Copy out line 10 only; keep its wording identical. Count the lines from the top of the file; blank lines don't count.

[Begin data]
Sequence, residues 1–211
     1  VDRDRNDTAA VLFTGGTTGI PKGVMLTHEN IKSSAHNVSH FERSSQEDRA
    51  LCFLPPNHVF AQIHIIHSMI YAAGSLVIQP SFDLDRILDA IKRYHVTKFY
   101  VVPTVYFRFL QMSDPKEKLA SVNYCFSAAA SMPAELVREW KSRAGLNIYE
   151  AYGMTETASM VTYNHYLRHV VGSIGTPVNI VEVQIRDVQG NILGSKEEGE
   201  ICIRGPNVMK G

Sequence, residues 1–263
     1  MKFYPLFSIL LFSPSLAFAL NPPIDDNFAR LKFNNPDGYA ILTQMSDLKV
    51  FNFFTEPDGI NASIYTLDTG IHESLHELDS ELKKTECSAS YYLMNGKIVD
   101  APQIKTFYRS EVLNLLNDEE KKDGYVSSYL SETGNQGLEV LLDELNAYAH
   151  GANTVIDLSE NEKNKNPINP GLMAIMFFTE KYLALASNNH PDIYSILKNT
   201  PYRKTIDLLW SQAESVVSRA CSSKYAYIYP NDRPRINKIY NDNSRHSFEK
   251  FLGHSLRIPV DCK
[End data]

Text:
   101  APQIKTFYRS EVLNLLNDEE KKDGYVSSYL SETGNQGLEV LLDELNAYAH